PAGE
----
Oysters have been a source of food for the people around Clew Bay shores from prehistoric times. ‘Kitchen middens’ which are collections of discarded oysters shells can sometimes be seen exposed on eroded seashore banks and shows our ancestors taste for dining on shellfish picked at low tide. Honour Sisk’s study into the islands inContinue reading “What future for Native Oysters in Clew Bay?”
Clew Bay has 140 small islands. Otters are found on the island seashores and feed on fish caught in the seaweed fringe of each island.
How to tell your Grey Seal from your Common Seal
Recently I met an oyster farmer in Murrisk who grows pacific oysters. I asked if he saw any recent growth in his oysters after a long winter. He said he noticed fresh growth after a period of rain. Oysters are “filter feeders” and filter 50 gallons (189 Litres) of water per day and extract phytoplanktonContinue reading “Spring bloom arrives in Clew Bay”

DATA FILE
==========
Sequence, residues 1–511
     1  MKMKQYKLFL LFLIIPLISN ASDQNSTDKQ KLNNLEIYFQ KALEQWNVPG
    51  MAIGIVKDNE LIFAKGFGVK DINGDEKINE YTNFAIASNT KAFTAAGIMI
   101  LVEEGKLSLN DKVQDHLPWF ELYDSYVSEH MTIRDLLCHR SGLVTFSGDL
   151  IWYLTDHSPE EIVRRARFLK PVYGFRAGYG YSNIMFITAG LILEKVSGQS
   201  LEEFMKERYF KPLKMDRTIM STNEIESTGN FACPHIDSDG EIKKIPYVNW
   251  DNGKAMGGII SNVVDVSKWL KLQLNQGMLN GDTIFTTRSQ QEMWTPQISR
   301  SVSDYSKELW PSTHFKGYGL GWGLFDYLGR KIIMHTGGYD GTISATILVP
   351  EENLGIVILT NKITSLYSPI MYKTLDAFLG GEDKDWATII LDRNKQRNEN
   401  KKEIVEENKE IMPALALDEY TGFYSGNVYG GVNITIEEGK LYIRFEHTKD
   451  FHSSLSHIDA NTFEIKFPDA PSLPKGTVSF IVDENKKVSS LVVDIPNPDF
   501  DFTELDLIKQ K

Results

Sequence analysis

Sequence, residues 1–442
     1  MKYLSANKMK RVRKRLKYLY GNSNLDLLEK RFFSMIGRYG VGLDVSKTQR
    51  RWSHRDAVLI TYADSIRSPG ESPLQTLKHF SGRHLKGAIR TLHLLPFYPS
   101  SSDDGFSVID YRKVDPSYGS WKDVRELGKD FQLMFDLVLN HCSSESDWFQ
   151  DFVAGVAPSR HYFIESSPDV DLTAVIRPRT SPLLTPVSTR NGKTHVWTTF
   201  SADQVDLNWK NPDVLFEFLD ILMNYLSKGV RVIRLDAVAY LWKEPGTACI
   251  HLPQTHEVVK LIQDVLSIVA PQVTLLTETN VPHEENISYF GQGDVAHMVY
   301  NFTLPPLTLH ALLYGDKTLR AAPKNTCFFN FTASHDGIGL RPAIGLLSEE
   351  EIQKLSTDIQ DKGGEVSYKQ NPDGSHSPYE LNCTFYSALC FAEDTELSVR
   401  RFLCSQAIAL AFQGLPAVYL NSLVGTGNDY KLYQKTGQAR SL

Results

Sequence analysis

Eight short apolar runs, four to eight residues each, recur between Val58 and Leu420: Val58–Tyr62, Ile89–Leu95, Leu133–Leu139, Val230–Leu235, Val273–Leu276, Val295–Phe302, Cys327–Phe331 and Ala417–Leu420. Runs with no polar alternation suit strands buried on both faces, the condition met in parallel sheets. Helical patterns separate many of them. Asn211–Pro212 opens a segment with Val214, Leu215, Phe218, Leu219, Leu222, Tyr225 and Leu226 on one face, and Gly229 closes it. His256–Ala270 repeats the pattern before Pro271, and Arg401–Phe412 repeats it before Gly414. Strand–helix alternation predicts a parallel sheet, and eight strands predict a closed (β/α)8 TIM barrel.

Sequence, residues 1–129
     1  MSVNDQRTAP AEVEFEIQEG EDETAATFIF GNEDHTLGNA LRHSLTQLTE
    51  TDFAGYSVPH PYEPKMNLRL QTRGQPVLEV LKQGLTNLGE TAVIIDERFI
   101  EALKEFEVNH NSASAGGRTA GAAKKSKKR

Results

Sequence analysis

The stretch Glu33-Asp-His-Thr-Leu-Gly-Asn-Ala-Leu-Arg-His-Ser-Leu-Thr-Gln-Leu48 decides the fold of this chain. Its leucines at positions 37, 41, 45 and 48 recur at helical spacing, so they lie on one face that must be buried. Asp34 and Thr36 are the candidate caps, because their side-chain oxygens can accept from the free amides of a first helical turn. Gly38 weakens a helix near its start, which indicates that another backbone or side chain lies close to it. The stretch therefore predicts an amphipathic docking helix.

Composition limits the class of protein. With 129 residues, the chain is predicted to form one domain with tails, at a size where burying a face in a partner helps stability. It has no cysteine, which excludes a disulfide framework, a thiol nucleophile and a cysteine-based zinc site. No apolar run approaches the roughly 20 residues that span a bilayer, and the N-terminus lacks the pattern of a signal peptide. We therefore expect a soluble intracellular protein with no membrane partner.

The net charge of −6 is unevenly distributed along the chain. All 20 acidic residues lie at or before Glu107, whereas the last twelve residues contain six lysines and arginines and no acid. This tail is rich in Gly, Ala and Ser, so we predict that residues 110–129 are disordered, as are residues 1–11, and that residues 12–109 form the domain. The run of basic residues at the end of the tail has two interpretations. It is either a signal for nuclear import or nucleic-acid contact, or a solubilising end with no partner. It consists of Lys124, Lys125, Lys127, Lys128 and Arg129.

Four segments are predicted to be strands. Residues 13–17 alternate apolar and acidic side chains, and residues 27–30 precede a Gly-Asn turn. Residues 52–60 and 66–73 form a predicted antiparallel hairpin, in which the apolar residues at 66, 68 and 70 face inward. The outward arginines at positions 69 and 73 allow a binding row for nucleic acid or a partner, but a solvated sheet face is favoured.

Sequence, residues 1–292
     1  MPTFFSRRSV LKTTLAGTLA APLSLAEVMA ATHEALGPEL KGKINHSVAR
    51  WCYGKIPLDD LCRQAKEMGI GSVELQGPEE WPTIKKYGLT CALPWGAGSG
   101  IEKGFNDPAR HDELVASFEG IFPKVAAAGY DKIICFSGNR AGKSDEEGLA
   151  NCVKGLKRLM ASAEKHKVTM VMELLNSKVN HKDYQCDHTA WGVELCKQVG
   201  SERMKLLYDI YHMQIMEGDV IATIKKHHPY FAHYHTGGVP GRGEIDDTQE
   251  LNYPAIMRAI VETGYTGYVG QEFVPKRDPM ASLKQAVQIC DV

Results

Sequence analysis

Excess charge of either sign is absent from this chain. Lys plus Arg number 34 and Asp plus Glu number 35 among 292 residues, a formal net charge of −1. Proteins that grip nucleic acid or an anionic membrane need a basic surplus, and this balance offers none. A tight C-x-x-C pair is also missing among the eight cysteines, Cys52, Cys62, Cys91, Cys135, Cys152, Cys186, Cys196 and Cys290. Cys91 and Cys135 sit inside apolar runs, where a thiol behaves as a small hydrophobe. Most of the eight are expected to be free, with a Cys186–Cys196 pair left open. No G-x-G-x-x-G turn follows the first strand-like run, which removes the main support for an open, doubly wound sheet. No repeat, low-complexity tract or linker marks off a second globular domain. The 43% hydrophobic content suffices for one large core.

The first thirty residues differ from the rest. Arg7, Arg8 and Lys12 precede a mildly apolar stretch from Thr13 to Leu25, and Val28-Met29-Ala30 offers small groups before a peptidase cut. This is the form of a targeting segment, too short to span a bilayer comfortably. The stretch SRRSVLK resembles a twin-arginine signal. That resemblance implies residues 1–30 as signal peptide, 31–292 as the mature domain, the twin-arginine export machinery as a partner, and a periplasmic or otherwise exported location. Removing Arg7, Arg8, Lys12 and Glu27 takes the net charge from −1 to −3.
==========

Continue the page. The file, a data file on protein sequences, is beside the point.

On Ireland’s west coast Viking raiders were known to raid monasteries on offshore islands (Skelligs, Inishmurray) and inland up rivers from the coast. Clew bay’s islands were a perfect seafarers haven to rest up for such raiders. The National Museum in Castlebar has a fascinating find which suggests Viking ships have visited Clew Bay inContinue reading “Vikings, longships and Clew Bay”
Sunshine, wind and mackerel on the Wild Atlantic Charters in Clew Bay, County Mayo.